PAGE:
Ethiopia arrests Associated Press freelance journalist
News agency calls for immediate release of Amir Aman Kiyaro, says he has done ‘important work on all sides’ of Ethiopia’s conflict.
Police in conflict-hit Ethiopia have arrested a freelance video journalist working for The Associated Press (AP), the United States news agency and state media said.
On Wednesday, AP called for the immediate release of Amir Aman Kiyaro, who it said was arrested in the capital, Addis Ababa, on November 28 after returning from a reporting trip.
Two other local journalists, identified by state media as Thomas Engida and Addisu Mulneh, were also arrested.
Journalists working in Ethiopia face restrictions under a nationwide state of emergency declared last month by the government, which has been locked in a brutal 13-month conflict with fighters from the country’s northern Tigray region.
The declaration, valid for six months, allows suspects to be detained without trial for as long as the state of emergency lasts and allows house-to-house searches without a warrant.
The emergency rules banned the sharing of non-official information about military movements and battlefield outcomes, with residents also barred from “using various types of media platforms to support directly or indirectly the terrorist group” – a reference to the Tigray People’s Liberation Front (TPLF), which is fighting government forces.
Ethiopian police inspector Tesfaye Olani accused the three journalists of breaching the state of emergency laws by seeking to disseminate “propaganda” about the TPLF and its ally, the Oromo Liberation Army. He said their actions could be punishable by prison terms of seven to 15 years.
Images of the three journalists, as well as their ID cards, were broadcast by state media in a video report on their arrest.
“The Associated Press is extremely concerned that AP freelancer Amir Aman Kiyaro has been detained by the Ethiopian government, accused of promoting terrorism,” AP Senior Vice President and Executive Editor Julie Pace said in a statement.
“These are baseless allegations. Kiyaro is an independent journalist who has done important work in Ethiopia on all sides of the conflict. We call on the Ethiopian government to release Kiyaro immediately.”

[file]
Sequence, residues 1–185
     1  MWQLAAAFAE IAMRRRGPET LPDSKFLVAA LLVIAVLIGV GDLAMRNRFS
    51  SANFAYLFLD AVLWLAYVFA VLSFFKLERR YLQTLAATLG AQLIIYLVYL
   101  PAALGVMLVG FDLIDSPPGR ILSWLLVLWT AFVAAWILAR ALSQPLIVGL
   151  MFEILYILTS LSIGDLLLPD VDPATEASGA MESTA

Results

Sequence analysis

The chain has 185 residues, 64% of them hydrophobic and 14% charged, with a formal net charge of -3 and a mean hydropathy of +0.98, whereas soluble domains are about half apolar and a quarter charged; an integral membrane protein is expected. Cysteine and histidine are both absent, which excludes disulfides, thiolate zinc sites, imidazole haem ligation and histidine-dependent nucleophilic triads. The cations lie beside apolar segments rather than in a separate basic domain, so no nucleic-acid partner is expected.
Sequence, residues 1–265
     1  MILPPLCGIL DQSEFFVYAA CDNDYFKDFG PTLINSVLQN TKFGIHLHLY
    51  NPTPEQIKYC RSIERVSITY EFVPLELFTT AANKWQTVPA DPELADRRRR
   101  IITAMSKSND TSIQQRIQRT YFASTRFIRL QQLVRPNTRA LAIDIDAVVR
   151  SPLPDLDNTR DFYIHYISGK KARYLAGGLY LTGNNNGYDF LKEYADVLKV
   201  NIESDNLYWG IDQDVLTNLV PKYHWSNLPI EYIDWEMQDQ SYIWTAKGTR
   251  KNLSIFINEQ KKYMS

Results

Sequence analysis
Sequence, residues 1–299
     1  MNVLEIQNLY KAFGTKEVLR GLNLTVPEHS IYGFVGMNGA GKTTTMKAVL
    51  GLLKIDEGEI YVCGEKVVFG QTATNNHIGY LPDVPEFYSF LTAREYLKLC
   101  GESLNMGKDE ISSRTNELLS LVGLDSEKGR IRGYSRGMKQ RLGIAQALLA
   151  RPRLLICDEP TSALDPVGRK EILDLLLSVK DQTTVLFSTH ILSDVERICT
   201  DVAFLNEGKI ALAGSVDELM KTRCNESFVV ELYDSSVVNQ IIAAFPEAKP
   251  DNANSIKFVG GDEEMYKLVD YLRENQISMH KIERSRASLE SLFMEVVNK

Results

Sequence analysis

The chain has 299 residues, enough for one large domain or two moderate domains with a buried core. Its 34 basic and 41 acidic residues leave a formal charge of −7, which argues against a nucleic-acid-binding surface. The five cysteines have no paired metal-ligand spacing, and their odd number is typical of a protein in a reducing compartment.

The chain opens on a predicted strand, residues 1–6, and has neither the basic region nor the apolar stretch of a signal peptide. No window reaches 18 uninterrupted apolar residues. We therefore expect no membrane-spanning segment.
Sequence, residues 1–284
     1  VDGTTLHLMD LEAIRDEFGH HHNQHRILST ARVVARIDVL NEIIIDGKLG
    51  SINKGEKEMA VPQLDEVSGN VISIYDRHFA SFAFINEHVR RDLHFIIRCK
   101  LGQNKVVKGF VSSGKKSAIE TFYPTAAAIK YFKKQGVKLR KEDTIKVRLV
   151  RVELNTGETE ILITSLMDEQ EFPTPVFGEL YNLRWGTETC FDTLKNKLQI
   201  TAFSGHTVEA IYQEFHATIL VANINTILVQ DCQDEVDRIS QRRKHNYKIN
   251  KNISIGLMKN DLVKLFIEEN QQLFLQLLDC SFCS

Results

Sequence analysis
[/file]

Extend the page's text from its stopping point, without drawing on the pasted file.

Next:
#Ethiopia: EHRC is monitoring the situation of media personnel Kibrom Worku, Tamrat Negera, Meaza Mohammed and Eyasped Tesfaye who are currently in detention. https://t.co/nkKrzq8w34 pic.twitter.com/69gchxSx23
— Ethiopian Human Rights Commission (@EthioHRC) December 15, 2021
Separately, the state-affiliated Ethiopian Human Rights Commission said on Wednesday it was monitoring the situation of four other detained local journalists, including two whose whereabouts are unknown.
In a statement on Twitter, called for the immediate disclosure of the whereabouts of both detainees to their families and legal counsel and to guarantee their visitation rights.
“The commission also reiterates that the relevant authorities should closely monitor that the state of emergency proclamation is implemented in a manner that strictly adheres to human rights principles.”
Much of the conflict-affected zones in northern Ethiopia is under a communications blackout and access for journalists is heavily restricted.
Journalists behind bars
Meanwhile, in a new report on Thursday, Reporters Without Borders (RSF) said there are 488 media professionals imprisoned around the world, the highest since the NGO began counting more than 25 years ago.
“The number of journalists detained in connection with their work has never been this high since RSF began publishing its annual round-up in 1995,” the NGO, which battles for freedom of the press, said in a statement.
The number of journalists killed went down to 46, but the 20 percent increase in imprisoning media professionals is largely due to the government crackdowns in Hong Kong, Belarus, and Myanmar.
RSF said it had also never seen so many female journalists detained, with the overall number of 60 representing a third more than 2020.
The report follows the review by the New York-based Committee to Protect Journalists (CPJ), who put the number at 293 reporters behind bars in its own report last week – a new global high.
According to CPJ, Ethiopia has imprisoned 14 journalists since declaring a state of emergency on December 2.
“The Ethiopian government should release all journalists detained for their work and stop using the state of emergency as a pretext to infringe on freedom of expression,” said CPJ’s sub-Saharan Africa representative, Muthoki Mumo.